In the wake of Robin Williams’ suicide, I’ve heard so many people say: If only someone had known, if only he’d reached out for help. My guess is that maybe he did reach out at some point, but I’ve also learned that people sometimes react from their own place of fear, insecurity, or inability to understand, when they hear that someone is feeling that hopeless. Just weeks after my own fumbled attempt, I was talking to a friend who didn’t know what I’d been through, and the topic came up (after a suicide where he lives). My friend said: “I have no compassion for someone who chooses that route– They leave such a mess behind. It’s so selfish.” He’s not a callous person at all; he was being honest. I got it; it’s not that far off from what I’d always told my kids. I also knew that while his words might be a bit harsher than some others might be, he was not alone in that thought. But it shut the door on my ever being able to talk to him about my own demons. I instinctively knew not to share it lightly, or with just anyone. For a long while, I felt alone in my struggle, knowing that only a small group of people were there, and I wasn’t always sure if I could call and bother them. That’s how your brain works when it’s depressed. The voices you hear, are not the supportive, healing, confident ones… they’re the ones that might push you off the ledge.
It’s taken nearly four years for me to be able to talk about this without feeling like people will run away, or judge. Some of them will; I’ve seen the awkward expressions, heard the conversation change quickly. I noticed who called to say are you ok, and who avoided bringing it up. I’ve accepted that and moved on. I may have lost some friends and connections, in the aftermath of my depression and suicidal hole, but I climbed out with the help of family, and some friends who became that much dearer in that same aftermath. I let go of my need to cling, and do whatever I thought it would take, to make a relationship work. Over time I got a lot clearer about boundaries and what makes me feel safe and happy. I’ve spent so much of my life taking care of other people and feeling responsible for their feelings and lives, that it’s been truly freeing to let that go, and take care of myself. I keep working on me.
I think that what haunts me about Robin Williams death is that I really get it. I got so close to where he went, and I survived. I came to understand that all those words I’d fed my kids were true. It does get better; the potential for it to get better is always in your own hands. I truly get that you can feel so tired of trying, and so sad that the potential seems hopeless, but it’s not, unless you’re terminally ill, and truly suffering. My mother knew there was no hope of ever feeling better again. She was depressed; she was in pain, and she knew it would only get worse. Aside from my sister and I, and her grandchildren, she was alone. Her doctors knew the same thing, but at the time there was no Death With Dignity law in Washington state (there is now). Still, her doctors advised that she would benefit from palliative care and would die faster, without intervention, honoring her wishes and her life. She did, and it was the right decision. It gave her time to say whatever she needed to say; to be free from pain, and to die with some dignity. However, aside from those horrible cases where the end is clear and there is truly no hope, suicide is never the answer.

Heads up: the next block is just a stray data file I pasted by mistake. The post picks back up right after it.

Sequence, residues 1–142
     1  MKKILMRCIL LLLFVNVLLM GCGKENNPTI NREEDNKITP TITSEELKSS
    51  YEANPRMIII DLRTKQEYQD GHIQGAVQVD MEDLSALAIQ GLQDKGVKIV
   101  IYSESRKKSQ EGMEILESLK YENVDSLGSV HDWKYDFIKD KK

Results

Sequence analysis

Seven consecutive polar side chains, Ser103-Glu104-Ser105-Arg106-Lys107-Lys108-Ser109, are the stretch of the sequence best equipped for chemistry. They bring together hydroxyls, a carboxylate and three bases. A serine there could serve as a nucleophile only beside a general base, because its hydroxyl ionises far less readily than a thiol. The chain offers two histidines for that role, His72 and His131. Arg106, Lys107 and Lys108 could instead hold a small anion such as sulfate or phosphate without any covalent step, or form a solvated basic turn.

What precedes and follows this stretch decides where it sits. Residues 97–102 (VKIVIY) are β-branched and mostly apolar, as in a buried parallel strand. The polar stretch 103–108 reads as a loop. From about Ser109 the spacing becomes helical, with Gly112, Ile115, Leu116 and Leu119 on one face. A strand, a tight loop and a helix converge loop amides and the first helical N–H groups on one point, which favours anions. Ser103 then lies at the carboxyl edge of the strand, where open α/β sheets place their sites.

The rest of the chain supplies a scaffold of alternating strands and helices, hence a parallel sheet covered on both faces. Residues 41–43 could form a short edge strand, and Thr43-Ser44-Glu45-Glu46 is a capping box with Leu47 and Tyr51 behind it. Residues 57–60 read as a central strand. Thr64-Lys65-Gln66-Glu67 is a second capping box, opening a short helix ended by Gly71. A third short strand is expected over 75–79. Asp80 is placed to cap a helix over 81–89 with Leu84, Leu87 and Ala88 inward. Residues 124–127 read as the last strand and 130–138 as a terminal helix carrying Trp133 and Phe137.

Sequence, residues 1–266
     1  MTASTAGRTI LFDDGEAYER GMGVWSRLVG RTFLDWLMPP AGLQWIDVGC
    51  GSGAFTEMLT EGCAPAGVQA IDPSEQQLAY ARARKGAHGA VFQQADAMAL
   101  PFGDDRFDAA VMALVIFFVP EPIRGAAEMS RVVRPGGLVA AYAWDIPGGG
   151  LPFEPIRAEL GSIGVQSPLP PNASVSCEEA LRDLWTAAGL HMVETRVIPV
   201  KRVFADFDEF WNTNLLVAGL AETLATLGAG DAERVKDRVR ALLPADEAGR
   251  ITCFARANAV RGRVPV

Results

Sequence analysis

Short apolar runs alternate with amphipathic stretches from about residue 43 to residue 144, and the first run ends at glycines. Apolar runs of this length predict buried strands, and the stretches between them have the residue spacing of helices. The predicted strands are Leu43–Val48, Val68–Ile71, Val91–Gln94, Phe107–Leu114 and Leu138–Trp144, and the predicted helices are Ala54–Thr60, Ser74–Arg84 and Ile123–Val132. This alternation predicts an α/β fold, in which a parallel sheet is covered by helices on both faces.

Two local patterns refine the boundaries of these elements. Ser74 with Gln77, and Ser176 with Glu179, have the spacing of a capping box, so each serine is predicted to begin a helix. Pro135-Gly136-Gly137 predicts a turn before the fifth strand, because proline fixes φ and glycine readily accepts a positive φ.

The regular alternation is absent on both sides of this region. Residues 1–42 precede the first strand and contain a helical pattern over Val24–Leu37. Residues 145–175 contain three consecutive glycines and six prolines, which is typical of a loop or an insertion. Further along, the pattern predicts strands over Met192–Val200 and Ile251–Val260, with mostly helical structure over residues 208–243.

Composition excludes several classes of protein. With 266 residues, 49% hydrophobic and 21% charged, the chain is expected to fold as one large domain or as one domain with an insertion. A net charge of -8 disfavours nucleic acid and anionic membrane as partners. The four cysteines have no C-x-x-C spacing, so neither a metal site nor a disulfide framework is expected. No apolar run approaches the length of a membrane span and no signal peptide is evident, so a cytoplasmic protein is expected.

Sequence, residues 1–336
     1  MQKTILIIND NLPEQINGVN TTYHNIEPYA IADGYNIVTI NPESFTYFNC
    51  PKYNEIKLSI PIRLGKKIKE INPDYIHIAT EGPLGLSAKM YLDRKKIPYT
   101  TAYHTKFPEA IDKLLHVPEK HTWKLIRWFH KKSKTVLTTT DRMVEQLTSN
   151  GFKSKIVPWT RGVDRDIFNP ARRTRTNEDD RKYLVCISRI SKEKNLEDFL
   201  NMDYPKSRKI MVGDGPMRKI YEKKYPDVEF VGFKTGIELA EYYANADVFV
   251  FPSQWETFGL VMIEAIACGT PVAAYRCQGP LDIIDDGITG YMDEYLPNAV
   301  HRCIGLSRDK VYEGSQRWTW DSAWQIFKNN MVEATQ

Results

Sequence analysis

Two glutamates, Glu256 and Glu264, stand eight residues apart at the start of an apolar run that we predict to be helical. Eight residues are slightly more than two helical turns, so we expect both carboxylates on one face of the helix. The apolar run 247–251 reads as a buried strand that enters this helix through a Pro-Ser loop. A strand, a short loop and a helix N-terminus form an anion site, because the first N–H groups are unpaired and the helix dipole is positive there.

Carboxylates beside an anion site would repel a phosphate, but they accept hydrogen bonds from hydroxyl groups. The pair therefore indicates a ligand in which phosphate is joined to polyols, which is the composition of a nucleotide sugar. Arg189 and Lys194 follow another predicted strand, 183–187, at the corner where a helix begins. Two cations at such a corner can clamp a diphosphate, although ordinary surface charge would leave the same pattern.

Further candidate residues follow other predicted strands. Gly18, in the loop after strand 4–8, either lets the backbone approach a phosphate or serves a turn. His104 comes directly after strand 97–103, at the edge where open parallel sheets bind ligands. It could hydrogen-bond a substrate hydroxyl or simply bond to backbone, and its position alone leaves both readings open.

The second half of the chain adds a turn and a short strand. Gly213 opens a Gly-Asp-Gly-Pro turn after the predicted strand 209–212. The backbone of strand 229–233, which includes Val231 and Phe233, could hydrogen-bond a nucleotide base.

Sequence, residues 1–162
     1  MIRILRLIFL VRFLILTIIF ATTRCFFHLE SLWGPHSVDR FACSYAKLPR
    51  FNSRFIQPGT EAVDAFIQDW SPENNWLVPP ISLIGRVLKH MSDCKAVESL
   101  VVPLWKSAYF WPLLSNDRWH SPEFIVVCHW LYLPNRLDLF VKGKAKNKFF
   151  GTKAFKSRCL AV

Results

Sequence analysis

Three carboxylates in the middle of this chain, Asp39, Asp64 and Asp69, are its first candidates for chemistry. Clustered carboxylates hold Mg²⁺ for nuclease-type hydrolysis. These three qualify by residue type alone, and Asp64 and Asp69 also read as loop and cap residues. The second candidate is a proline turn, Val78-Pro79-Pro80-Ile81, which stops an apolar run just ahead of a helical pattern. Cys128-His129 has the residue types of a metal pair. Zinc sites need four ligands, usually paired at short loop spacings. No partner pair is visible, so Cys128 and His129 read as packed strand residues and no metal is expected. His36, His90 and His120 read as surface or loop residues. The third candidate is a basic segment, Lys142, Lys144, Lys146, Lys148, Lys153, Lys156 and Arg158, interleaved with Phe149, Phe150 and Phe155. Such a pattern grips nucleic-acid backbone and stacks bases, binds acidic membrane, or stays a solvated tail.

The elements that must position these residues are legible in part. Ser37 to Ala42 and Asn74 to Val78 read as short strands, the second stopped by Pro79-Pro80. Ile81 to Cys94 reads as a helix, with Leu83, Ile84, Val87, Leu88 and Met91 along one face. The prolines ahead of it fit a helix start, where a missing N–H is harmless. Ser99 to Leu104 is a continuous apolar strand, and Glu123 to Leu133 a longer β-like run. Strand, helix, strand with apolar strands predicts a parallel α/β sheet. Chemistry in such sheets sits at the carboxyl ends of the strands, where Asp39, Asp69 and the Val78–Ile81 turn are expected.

Robin Williams’ death shakes me because I wish he could have understood that. I wish he could have had the good fortune I’ve had: to see that there is light at the end of the tunnel; that those who love you really do need you to make it to that light; that we grow and expand emotionally when we let others in, and let them see our vulnerabilities, our imperfections and “idiosyncrasies“and that it’s not all about making everyone else feel better. We don’t always have to be “on.” I wish that he could have rested peacefully and woken renewed, rather than leaving us all to question the missed steps and wishing him rest in peace. I wish he could have gotten it. It.
The many faces of Robin Williams, the actor:
I will never watch Hook; or Dead Poets Society; or Good Will Hunting; or Mrs. Doubtfire; or Aladdin; or Jumanji; or Jack; or Patch Adams; or Night At The Museum; or Awakenings; or Good Morning Vietnam; or countless other movies and videos, without feeling a little sad– without registering the lost opportunities and wasted potential. I think of his children and those who loved him, and hope they can find peace, in a loss that is so enormous. The world is a little less funny, a little less brilliant for now. Someone else will come along and fill that hole; that is how the real world is, dear people, but Oh Captain my Captain, you will be missed for a long time to come.
On a personal note: I’m fine. I’m working the program, and I feel like I’ve come a long way in four years. I really appreciate how many (TFTM hit 4,000 followers last week!) of you read these posts and reach out to me– but if you see me in town, or we run into each other, this is not something I want to talk about. I’ve said it several times: I write without filters– let’s face it, if you know me, I live without filters. As one very caring person pointed out recently– between vegetables and crackers at the market– that makes me vulnerable. I can’t be any other way… good or bad. However, when I write I go to a special place, and when I go to get my groceries, I go somewhere else. I like to keep it that way. If you’d really like to pat me on the back, hit Like at the bottom of this post, and then leave a comment. You don’t have to use your name, but I’d love to hear what you have to say. Despite what I’ve said above, thank you so much to the wonderful people, increasingly common, who have told me that my writing touched them, that it means something– that, means a whole lot to me, in return.
Final note: If you are considering suicide, please get help. It really does get better, and suicide is never the answer. It’s true, you will be out of pain, but you will leave a world of it in your wake. Call a friend, reach out to someone who loves you, or call the suicide prevention hot line; trust that it can get better and reach for a lifeline. Don’t believe the voices in your head– they are hurting and broken, and are not the right voices to trust. Trust me on this. Ask for help.
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What do I want? I’d love to see my Tales From the Motherland Facebook page reach 500 likes in 2014. Have you stopped by to spread some fairy dust? Follow me on Twitter, it’s where I try to be brief. If you see ads on this page, please let me know. They shouldn’t be there. © 2014 Please note, that all content and images on this site are copyrighted to Dawn Quyle Landau and Tales From the Motherland, unless specifically noted otherwise. If you want to share my work, please give proper credit. Plagiarism sucks.